(1) Installed ir-keytable. (Note that lirc is not installed at this point.)

(2) Ran the following to get the IR transceiver name, which is "ITE8708 CIR transceiver":

Code: Select all

    grep "^N:" | /proc/bus/input/devices
(3) Ran ir-keytable -t to get the codes from my remote. It is an RC6 remote but there are a few differences with the default RC6 keymap table that is installed with ir-keytable.

(4) Set up a modified key table for my remote:

Code: Select all

    sudo cp /lib/udev/rc_keymaps/rc6_mce /etc/rc_keymaps/my_RC6_key_map
    gksu xed /etc/rc_keymaps/my_RC6_key_map  (edit as desired)
(5) Set up an automatic load of this key table at boot by changing the rc-rc6-mce line as follows in /etc/rc_maps.cfg

Code: Select all

    *    rc-rc6-mce    my_RC6_key_map
(6) Installed lirc and lirc-x.

(7) Blocked IR signals from getting to X11. This required two changes:
  • Created a rule for X11 to ignore the remote:

Code: Select all

    gksu xed /usr/share/X11/xorg.conf.d/10-mce-keyboard-disable.conf 
        # Disable CIR transceiver as an input device to X11
        Section "InputClass"
            Identifier  "CIR transceiver disabled as X11 input device"
            MatchProduct "ITE8708 CIR transceiver"
            Option      "Ignore" "on"
        EndSection
  • Disabled lircd-uinput from forwarding IR signals back to the kernel:

Code: Select all

    sudo systemctl stop lircd-uinput.service
    sudo systemctl disable lircd-uinput.service
(8) I also needed to prevent the lirc irexec daemon from running as root:

Code: Select all

    sudo systemctl stop irexec.service
    sudo systemctl disable irexec.service
These changes got lirc working again as it had been working in Linux Mint 18.1.

C) Installed x11vnc (replacement for vino).

Code: Select all

    sudo apt-get install x11vnc
    sudo mkdir /etc/x11vnc
    sudo x11vnc --storepasswd /etc/x11vnc/x11vncpswd
    gksu /etc/x11vnc/x11vncpswd
        [Unit]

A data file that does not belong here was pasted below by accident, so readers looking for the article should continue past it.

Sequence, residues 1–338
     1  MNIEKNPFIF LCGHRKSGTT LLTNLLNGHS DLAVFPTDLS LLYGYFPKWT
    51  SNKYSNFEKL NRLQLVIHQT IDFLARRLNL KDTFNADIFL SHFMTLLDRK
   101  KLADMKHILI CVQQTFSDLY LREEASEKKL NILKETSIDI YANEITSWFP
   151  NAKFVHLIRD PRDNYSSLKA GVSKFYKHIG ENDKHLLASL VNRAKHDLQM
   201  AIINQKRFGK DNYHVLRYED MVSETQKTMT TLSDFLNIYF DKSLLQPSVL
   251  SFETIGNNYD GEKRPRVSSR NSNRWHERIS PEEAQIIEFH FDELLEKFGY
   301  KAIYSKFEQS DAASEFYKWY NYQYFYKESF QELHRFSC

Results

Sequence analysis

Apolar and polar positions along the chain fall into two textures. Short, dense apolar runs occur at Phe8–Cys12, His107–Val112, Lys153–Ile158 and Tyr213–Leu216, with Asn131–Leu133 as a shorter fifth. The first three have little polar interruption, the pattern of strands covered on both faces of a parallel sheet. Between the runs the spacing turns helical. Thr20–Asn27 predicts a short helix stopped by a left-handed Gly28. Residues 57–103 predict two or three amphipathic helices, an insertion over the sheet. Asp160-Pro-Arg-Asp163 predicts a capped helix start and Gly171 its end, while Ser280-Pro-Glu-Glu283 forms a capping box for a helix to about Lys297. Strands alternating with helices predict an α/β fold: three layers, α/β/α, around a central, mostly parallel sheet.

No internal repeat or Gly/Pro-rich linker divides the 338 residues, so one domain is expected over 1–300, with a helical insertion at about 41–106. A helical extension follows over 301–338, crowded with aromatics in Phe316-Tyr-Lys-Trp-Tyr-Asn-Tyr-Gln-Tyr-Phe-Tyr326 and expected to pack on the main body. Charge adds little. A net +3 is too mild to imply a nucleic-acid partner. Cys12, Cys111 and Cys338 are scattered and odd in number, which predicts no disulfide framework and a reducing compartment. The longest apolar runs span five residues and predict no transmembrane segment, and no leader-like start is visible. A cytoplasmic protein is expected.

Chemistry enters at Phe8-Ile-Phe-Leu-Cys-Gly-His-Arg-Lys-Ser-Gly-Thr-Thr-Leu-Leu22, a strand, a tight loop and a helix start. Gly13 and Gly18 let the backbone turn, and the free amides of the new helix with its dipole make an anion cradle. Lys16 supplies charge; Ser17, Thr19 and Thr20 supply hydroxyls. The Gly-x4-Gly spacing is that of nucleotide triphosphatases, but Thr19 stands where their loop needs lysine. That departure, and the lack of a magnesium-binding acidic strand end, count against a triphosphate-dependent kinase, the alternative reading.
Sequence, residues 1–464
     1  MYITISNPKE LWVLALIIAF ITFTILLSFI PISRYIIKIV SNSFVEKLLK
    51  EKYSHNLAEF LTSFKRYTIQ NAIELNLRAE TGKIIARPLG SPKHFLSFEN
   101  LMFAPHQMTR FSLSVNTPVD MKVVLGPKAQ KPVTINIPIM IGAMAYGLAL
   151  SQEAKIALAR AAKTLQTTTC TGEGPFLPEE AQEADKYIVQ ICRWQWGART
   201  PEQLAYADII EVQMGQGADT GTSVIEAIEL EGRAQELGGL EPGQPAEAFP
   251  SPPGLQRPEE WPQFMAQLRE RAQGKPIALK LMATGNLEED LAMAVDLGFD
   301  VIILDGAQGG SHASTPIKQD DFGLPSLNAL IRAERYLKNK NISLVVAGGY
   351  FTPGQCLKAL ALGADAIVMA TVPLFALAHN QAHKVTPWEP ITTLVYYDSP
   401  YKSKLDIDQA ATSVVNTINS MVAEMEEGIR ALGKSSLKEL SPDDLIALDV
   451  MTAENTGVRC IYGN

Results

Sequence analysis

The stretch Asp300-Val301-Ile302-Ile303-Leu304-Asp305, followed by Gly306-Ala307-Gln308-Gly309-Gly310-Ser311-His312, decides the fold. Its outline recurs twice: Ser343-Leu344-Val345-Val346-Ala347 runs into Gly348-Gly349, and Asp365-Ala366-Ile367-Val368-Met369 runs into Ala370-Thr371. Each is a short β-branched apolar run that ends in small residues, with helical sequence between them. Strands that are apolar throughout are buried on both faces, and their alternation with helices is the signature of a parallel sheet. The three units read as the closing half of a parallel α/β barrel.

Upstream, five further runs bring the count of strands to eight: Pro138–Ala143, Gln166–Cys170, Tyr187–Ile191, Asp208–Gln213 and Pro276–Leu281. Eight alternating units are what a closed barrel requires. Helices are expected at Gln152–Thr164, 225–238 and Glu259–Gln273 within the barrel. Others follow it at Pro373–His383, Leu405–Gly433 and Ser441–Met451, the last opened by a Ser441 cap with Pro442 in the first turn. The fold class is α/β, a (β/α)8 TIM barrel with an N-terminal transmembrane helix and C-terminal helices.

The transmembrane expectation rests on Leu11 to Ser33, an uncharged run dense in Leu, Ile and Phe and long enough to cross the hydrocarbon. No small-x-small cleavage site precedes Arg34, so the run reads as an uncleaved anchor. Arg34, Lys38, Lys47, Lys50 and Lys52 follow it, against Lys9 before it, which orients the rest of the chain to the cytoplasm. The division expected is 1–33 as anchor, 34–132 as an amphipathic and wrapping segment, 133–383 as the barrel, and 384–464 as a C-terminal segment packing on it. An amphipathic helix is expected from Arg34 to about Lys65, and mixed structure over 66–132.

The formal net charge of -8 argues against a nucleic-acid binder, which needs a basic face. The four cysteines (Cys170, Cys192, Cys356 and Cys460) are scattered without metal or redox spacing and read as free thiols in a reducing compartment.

Description=Start x11vnc at boot.
        After=multi-user.target display-manager.service
        [Service]
        Type=simple
        ExecStart=/usr/bin/x11vnc -auth guess -forever -noxdamage -repeat -rfbauth /etc/x11vnc/x11vncpswd -rfbport=5900 -shared
        Restart=always
        RestartSec=5
        [Install]
        WantedBy=multi-user.target
    sudo systemctl daemon-reload
    sudo systemctl enable x11vnc.service
    sudo systemctl start x11vnc.service
D) Recompiled all of my python programs. They had been compiled under version 3.5 but it appears version 3.6 is what you get when you run python3 in Mint 19.


PROBLEM AVOIDED:

After completing one of my previous attempts to upgrade, vlc could not open my media files. Apparently a different flavor of vlc is installed during the upgrade to Mint 19, which can be fixed by uninstalling vlc-nox and installing vlc. By removing vlc prior to the upgrade, this problem was avoided.


I hope these notes will be at least a small help to someone.
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catweazel
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Re: Fixing the things that broke when upgrading from Mint 18 to Mint 19

Post by catweazel »

dnl wrote:
Sat Apr 27, 2019 12:52 am
I hope these notes will be at least a small help to someone.
A very thorough run-down. The issue is that upgrades between point releases, e.g. 19, 19.1, 19.2 etc, are usually trouble free. I wouldn't ever recommend an in-place upgrade between major releases, e.g. 17 to 18, or 18 to 19, because of all the potential issues, despite the best intentions of the author of the article.

A simple read of the article prior to performing the instructions at that source would have revealed the statement that "The upgrade overwrites files in /etc/ with default configuration files", and a read of the comments would have instilled an awful lot of caution by me rather than any confidence at all. A backup of treasured files and a clean install should always be preferred to upgrading between major releases. For the next time, I recommend that users make copious notes about the steps performed to do a clean installation. It usually takes much less time to follow the notes when they're needed than it does to fix a broken upgrade.
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karlchen
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Re: Fixing the things that broke when upgrading from Mint 18 to Mint 19

Post by karlchen »

catweazel wrote:
Sat Apr 27, 2019 3:43 am
I wouldn't ever recommend an in-place upgrade between major releases, e.g. 17 to 18, or 18 to 19, because of all the potential issues
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AndyMH
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Re: Fixing the things that broke when upgrading from Mint 18 to Mint 19

Post by AndyMH »

For both 17 to 18 and 18 to 19 I did a clean install. I won't say it was painless, but a lot less hassle that trying to do an upgrade. Okay, it doesn't happen very often, but having a separate /home partition makes life a lot easier.
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dnl